Wednesday, 19 October 2022 13:55

Arla linking milk price to farm's green credential

Written by  Sudesh Kissun
Milk price paid to Arla’s farmer suppliers will be linked to environmental sustainability from next year. Milk price paid to Arla’s farmer suppliers will be linked to environmental sustainability from next year.

European dairy co-operative Arla says, from next year, the milk price paid to farmer suppliers will be linked to environmental sustainability.

Two years after implementing a comprehensive 'Climate Check' on 8,000 farms across seven European countries, Arla farmers are taking another significant step to be at the forefront of environmentally sustainable dairy, the co-op says.

Arla is introducing a point-based Sustainability Incentive model, building on data from the Climate Check, to reward current and future sustainability activities on farm.

Arla directors are putting 3 eurocent/kg of milk on the table annually to fund and motivate environmental improvements on 19 levers. The full incentive package includes the one eurocent that farmers will receive for submitting their Climate Check data. In the first full year, at least 270 million euro is expected to be distributed through the monthly milk price based on what the farmers are doing on 19 levers in the model.

Arla chairman Jan Toft Nørgaard says the Sustainability Incentive model is a historical milestone in Arla's transition to more sustainable dairy.

"We are introducing an advanced and ambitious sustainability incentive, which is a fundamental change to our milk price model.

"Going forward, the milk price Arla farmers will receive for their milk will not only depend on fat, protein and quality, it will also depend on their activities on sustainability.

"The support from our members, even in a time of great uncertainty, is a testament to our commitment to be at the forefront of progressive dairy farming and set the standard for how to push our whole sector forward."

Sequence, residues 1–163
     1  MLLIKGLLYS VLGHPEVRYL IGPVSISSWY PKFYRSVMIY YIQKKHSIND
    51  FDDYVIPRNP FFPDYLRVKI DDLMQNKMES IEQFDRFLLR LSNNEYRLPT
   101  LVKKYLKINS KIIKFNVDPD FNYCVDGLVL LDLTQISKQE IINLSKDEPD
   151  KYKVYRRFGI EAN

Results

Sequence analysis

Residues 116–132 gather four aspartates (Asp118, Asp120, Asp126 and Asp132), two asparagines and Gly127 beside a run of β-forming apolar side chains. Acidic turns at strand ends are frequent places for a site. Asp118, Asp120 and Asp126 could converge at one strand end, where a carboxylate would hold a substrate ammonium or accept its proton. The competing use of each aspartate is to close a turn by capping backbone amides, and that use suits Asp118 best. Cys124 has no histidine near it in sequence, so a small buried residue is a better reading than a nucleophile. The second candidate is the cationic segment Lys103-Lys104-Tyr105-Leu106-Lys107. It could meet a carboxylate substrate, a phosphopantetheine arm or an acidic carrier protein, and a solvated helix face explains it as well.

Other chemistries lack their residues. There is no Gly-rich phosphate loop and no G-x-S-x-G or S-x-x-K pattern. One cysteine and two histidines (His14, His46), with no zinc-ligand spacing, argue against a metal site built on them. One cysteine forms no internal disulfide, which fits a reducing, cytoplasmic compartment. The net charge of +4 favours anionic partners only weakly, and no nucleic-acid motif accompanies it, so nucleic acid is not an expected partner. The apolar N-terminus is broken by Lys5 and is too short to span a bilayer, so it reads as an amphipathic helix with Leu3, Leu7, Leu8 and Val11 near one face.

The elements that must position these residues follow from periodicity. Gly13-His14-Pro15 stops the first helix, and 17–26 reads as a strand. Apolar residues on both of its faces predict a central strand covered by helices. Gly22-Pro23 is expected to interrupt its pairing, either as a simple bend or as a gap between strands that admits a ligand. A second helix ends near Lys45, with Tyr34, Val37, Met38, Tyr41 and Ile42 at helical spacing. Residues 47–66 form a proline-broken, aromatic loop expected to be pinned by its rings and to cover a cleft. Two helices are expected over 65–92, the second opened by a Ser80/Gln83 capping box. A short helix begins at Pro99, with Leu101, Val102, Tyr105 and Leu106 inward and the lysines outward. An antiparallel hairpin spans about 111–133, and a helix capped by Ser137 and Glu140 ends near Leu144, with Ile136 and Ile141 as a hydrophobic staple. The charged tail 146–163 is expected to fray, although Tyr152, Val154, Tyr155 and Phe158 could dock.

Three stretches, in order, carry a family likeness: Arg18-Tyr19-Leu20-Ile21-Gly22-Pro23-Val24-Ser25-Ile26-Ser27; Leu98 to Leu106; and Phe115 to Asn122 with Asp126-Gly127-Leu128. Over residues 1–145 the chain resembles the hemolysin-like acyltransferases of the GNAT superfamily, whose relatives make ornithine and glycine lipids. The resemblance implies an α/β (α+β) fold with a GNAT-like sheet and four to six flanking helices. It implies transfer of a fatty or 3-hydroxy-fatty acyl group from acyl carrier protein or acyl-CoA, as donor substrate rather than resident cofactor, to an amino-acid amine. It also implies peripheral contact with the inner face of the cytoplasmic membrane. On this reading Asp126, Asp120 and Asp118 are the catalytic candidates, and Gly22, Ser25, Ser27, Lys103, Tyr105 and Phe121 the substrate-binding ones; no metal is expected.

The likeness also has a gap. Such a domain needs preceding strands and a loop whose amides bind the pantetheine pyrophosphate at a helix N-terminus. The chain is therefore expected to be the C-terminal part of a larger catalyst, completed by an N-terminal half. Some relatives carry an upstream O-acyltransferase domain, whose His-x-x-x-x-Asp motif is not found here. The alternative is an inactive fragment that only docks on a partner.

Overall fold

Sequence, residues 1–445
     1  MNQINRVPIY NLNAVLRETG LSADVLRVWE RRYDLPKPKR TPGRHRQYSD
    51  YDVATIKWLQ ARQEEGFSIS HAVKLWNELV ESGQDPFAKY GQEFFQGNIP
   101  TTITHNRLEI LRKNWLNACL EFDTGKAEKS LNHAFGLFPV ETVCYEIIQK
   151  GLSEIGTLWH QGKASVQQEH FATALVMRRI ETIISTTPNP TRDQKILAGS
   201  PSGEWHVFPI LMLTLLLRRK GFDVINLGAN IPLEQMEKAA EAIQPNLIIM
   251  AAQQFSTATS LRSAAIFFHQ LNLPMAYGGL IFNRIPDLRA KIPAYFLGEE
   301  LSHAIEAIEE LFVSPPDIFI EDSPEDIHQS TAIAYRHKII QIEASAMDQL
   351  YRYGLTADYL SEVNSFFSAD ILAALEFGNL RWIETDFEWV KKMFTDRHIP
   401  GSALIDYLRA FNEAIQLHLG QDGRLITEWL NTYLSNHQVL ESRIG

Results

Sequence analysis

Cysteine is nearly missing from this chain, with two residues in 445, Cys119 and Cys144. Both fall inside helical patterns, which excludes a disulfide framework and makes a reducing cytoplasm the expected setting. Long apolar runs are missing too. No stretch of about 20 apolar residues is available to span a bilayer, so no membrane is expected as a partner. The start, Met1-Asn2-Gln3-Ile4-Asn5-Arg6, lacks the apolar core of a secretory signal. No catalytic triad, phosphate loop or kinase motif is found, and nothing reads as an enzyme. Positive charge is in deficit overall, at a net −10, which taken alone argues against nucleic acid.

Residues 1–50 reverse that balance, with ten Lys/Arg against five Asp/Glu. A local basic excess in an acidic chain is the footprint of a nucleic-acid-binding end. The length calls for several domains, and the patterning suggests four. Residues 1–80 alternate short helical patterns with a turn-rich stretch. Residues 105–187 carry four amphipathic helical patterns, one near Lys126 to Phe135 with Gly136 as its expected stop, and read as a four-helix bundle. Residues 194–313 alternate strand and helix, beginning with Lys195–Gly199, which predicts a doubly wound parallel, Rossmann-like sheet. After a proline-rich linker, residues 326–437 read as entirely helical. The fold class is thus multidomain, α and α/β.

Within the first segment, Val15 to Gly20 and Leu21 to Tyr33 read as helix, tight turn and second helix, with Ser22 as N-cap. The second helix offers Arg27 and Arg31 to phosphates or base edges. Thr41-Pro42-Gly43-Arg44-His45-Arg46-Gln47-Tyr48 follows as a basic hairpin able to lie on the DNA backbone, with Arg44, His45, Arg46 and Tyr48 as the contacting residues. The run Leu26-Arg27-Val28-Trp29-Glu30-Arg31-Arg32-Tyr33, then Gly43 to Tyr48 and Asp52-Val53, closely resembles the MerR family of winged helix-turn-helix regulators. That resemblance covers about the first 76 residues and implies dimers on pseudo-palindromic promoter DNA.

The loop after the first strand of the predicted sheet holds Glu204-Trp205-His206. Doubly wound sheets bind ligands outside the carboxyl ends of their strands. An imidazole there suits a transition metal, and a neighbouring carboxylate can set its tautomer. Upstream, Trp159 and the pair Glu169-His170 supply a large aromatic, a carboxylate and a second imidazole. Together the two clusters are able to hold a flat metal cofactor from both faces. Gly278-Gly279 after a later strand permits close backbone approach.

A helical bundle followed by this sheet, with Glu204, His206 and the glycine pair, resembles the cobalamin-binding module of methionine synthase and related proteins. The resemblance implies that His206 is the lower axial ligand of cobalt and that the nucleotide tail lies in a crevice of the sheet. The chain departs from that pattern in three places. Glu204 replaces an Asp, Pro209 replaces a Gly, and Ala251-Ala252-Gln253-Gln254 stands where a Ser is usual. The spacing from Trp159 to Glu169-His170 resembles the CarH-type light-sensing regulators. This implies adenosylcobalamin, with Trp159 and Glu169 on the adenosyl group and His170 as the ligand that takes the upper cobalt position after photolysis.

The three eurocent comes on top of the one eurocent that farmers receive for submitting their Climate Check data, which is a pre-condition and the foundation for calculating the individual farmer's incentive.

Based on Arla's current owner milk volume, the four eurocents per kilo of milk amounts to an annual 500 million euro that Arla's board of directors are willing to take from Arla's milk price and re-distribute to that farmers based on their individual points in the Sustainability Incentive model.

With the current milk price, it corresponds to about 7% of the milk price, the co-op says.

Arla chief executive Peder Tuborgh believes the Sustainability Incentive will be an effective tool for driving further improvements.

“Arla has some of the most climate-efficient farmers in the world, however, they also recognise that they need to accelerate their efforts to be at the forefront of environmentally sustainable dairy.

“With this historical step, we will stand stronger in the market and send a clear message to our customers and consumers that the necessary change comes at a price for our owners and that a fair amount of the money you pay for Arla products is directed to the farmers who take the most action.”

The model is a point-based system, in which the farmers can collect points based on their activities on the model’s 19 different levers like feed, protein and fertiliser efficiency, manure delivery to biogas, biodiversity, carbon farming and use of renewable electricity and deforestation free soy.

Eighty points will be available from the start in 2023 and a further 20 points for new levers are expected to be built into the model within a few years, leading to a total of 100 points. For each point that the farmers are able to achieve, they will receive 0.03 eurocent per kilo of milk. Activities with bigger improvement potential for climate and nature will lead to the most points – and therefore also the biggest financial incentive.

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